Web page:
By Foo Ming Li
The Covid-19 pandemic has made a huge impact towards the education sector worldwide causing school teachers and students to commence their classes online. Tuition centres, being affected by the pandemic too, had an unstable beginning with conducting online classes while the concerns about the mental health of their students are equally worrying.
“Both tuition teachers and students have a rough start adapting themselves to online learning during the Movement Control Order (MCO) in March as the sudden shift hardened the adaptation process of the students due to a shorter time period, causing a disturbing decline in the productive level of the students compared to face-to-face learning”, Forest Tuition Centre Principal, Chang Kong Hooi outlined the challenges faced by the students as well as the teachers.
Chang adds the inaccessibility to electronic devices by some students further deteriorates the attendance to the online tuition classes. Thus, he decided that a discussion must be held with the parents to convince them the purpose of online teaching and learning.
“Some parents misunderstand that buying electronic devices like a laptop or tablet may cause the children to be less focused on their studies. The current situation nevertheless demands the students to possess at least one electronic device for them to stay on course,” he explains on the dilemma of owning an electronic device.
The pressure lies not only upon the students, as the tuition teachers, according to Chang, need to also adapt themselves to the online teaching method and deliver it without any shortcomings. As time goes by, the teachers have made continuous changes to improve their online teaching and helped the students by emailing them the tuition notes and homework. The tuition teachers have bought a smartphone tripod to allow students to clearly see the formulas of Physics or Chemistry.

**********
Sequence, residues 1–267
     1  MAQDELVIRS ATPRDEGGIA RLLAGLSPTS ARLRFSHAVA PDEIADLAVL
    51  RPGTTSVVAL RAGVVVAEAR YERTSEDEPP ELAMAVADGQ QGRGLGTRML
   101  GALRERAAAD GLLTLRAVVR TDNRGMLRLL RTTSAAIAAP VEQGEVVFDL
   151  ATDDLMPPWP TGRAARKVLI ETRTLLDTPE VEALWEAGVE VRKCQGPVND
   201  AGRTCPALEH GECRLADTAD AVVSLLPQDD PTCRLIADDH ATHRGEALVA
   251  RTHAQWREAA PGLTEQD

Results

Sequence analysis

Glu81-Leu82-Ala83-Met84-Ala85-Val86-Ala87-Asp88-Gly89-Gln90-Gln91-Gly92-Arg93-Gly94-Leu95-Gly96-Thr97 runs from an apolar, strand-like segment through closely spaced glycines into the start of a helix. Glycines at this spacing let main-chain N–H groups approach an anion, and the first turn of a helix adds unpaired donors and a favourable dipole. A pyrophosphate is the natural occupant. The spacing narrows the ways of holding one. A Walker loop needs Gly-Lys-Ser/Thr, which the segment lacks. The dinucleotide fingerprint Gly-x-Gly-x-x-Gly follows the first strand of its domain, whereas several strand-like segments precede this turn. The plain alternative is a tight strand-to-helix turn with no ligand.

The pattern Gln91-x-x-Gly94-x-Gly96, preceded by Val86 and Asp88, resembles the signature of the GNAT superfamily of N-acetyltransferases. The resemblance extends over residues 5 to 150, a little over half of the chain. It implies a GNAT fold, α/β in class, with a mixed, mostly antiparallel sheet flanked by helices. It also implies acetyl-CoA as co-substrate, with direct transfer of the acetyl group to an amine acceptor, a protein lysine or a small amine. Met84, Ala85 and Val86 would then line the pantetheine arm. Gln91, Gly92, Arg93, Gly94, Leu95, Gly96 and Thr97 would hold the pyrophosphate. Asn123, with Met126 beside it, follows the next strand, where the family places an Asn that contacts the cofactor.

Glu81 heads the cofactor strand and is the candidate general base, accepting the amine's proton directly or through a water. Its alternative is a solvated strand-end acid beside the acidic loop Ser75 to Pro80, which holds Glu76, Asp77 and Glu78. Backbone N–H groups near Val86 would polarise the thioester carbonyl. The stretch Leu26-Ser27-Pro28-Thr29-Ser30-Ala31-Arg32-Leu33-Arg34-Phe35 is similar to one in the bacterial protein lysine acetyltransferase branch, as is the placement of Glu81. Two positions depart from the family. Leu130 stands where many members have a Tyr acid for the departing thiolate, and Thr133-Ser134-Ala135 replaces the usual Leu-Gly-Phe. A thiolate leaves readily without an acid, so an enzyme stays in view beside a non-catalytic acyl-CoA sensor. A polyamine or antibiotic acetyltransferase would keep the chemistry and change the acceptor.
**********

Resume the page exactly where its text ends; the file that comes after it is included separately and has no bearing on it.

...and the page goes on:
He said the pandemic is an opportunity to learn the skills of conducting online classes. He also believes the teachers and students are maximising their time on their studies due to the uncertainty revolving around the pandemic.
“There is no use of waiting for the pandemic to end. During the current year-end school holidays, the teachers are teaching students the new syllabus of the following school year to prepare themselves better for the new school year,” he said.
On the other hand, PINTAR WSL Tuition Centre Founder, Wong Soon Lan said the pandemic had affected most businesses including tuition centres. Fortunately, the students in the tuition centres were able to adapt themselves to online learning without much problems.
She said the main challenge of online teaching is that it has made an impact on the psychological and emotional well-being of the students where she encourages every tuition centre teacher to emphasise love and care when inspecting the students’ academic progress.
“After studying various materials from various teaching and learning centres and instructional technology groups, I noticed they focus on how to use the technology we have today for online learning. Beyond the electronic connection, we need to connect emotionally with the students especially in times of anxiety and uncertainty,” she said.
Wong encourages the tuition teachers to use hopeful and optimistic words which will help the students to look forward to coming back to the tuition classes. Moreover, the teachers should have a light-hearted talk with the students on the purpose of online learning in the pandemic so that the students will have a better understanding of the current situation in the world and changes that need to be made.
“The education system is becoming very much competitive and challenging for students in this Covid-19 pandemic. It is crucial for all teachers to be knowledgeable and skilful for successful performance in guiding all students to get a better result in their future,” she said.